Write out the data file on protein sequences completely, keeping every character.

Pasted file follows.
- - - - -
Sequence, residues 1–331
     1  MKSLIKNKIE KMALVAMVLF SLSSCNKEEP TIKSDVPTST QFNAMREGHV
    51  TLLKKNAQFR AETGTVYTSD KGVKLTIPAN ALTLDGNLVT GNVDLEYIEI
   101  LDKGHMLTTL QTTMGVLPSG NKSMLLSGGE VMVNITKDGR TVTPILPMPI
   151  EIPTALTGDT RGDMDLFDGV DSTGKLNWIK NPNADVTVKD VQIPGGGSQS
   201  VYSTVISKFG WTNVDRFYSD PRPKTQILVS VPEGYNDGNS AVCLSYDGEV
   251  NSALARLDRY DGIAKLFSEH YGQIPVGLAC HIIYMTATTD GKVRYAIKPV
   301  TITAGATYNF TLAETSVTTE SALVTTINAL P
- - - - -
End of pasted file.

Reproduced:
Sequence, residues 1–331
     1  MKSLIKNKIE KMALVAMVLF SLSSCNKEEP TIKSDVPTST QFNAMREGHV
    51  TLLKKNAQFR AETGTVYTSD KGVKLTIPAN ALTLDGNLVT GNVDLEYIEI
   101  LDKGHMLTTL QTTMGVLPSG NKSMLLSGGE VMVNITKDGR TVTPILPMPI
   151  EIPTALTGDT RGDMDLFDGV DSTGKLNWIK NPNADVTVKD VQIPGGGSQS
   201  VYSTVISKFG WTNVDRFYSD PRPKTQILVS VPEGYNDGNS AVCLSYDGEV
   251  NSALARLDRY DGIAKLFSEH YGQIPVGLAC HIIYMTATTD GKVRYAIKPV
   301  TITAGATYNF TLAETSVTTE SALVTTINAL P